Sex differences in comorbidities associated with Sjögren's disease

Katelyn A. Bruno, Andrea Carolina Morales-Lara, Edsel B. Bittencourt, Habeeba Siddiqui, Gabriella Bommarito, Jenil Patel, John M. Sousou, Gary R. Salomon, Rinald Paloka, Shelby T. Watford, David O. Hodge, Scott M. Lieberman, Todd D. Rozen, Paldeep S. Atwal, Peter T. Dorsher, Lynsey A. Seim, De Lisa Fairweather

Research output: Contribution to journalArticlepeer-review

Abstract

Background: Little is known about the association of comorbidities with sex and age at diagnosis in Sjögren's disease. We tested the hypothesis that sex differences occur in comorbidities in patients with Sjögren's disease. Methods: Patients with Sjögren's disease were identified from 11/1974 to 7/2018 in the Mayo Clinic electronic medical record and assessed for 22 comorbidities according to sex and age at diagnosis. Results: Of the 13,849 patients identified with Sjögren's disease, 11,969 (86%) were women and 1,880 (14%) men, primarily white (88%) with a sex ratio of 6.4:1 women to men. The mean age at diagnosis was 57 years for women and 59.7 years for men, and 5.6% had a diagnosis of fibromyalgia at Sjögren's diagnosis. Men with Sjögren's disease were more likely than women to be a current or past smoker. The average time to diagnosis of comorbidities after diagnosis of Sjögren's disease was 2.6 years. The top comorbidities in patients with Sjögren's disease were fibromyalgia (25%), depression (21.2%) and pain (16.4%). Comorbidities that occurred more often in women were hypermobile syndromes (31:1), CREST (29:1), migraine (23:1), Ehlers-Danlos syndrome (EDS) (22:1), Raynaud's syndrome (15:1), SLE (13:1), systemic sclerosis (SSc) (13:1), and fibromyalgia (12:1). Women with Sjögren's disease were at increased risk of developing hypermobile syndromes (RR 7.27, CI 1.00–52.71, p = 0.05), EDS (RR 4.43, CI 1.08–18.14, p = 0.039), CREST (RR 4.24, CI 1.56–11.50, p = 0.005), migraine (RR 3.67, CI 2.39–5.62, p < 0.001), fibromyalgia (RR 2.26, CI 1.92–2.66, p < 0.001), Raynaud's syndrome (RR 2.29, CI 1.77–2.96, p < 0.001), SLE (RR 2.13, CI 1.64–2.76, p < 0.001), and SSc (RR 2.05 CI 1.44–2.92; p < 0.001). In contrast, men with Sjögren's were at increased risk for developing myocardial infarction (RR 0.44, CI 0.35–0.55, p < 0.001), atherosclerosis/CAD (RR 0.44, CI 0.39–0.49, p < 0.001), cardiomyopathy (RR 0.63, CI 0.46–0.86, p = 0.003), stroke (RR 0.66 CI 0.51–0.85, p = 0.001), and congestive heart failure (RR 0.70, CI 0.57–0.85, p < 0.001). Conclusions: The top comorbidities in Sjögren's disease were fibromyalgia, depression, and pain. Women with Sjögren's disease had a higher relative risk of developing fibromyalgia, depression, pain, migraine, hypermobile syndrome, EDS and other rheumatic autoimmune diseases. Men with Sjögren's disease had higher risk of developing cardiovascular diseases.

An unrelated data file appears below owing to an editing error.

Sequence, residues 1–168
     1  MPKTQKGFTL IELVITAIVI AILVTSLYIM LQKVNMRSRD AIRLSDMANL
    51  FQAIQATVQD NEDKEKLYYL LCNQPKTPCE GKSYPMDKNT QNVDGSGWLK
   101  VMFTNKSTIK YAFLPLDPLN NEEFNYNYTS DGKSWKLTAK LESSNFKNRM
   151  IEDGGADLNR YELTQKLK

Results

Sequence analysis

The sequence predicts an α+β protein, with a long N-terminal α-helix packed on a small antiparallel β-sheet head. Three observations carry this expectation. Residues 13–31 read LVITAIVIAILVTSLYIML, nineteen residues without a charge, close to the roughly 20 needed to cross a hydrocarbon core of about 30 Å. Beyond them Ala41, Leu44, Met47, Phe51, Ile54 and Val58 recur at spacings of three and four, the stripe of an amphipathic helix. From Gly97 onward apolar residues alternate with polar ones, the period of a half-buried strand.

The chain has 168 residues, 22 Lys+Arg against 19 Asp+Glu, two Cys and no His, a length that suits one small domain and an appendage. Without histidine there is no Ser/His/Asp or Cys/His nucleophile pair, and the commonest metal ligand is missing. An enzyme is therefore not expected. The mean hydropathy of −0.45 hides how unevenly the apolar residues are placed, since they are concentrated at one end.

Original languageEnglish (US)
Article number958670
JournalFrontiers in Medicine
Volume9
DOIs
StatePublished - Aug 4 2022

Keywords

  • atherosclerosis
  • depression
  • Ehlers-Danlos syndrome
  • fibromyalgia
  • hypermobile syndrome
  • migraine
  • pain
  • smoking

ASJC Scopus subject areas

  • Medicine(all)

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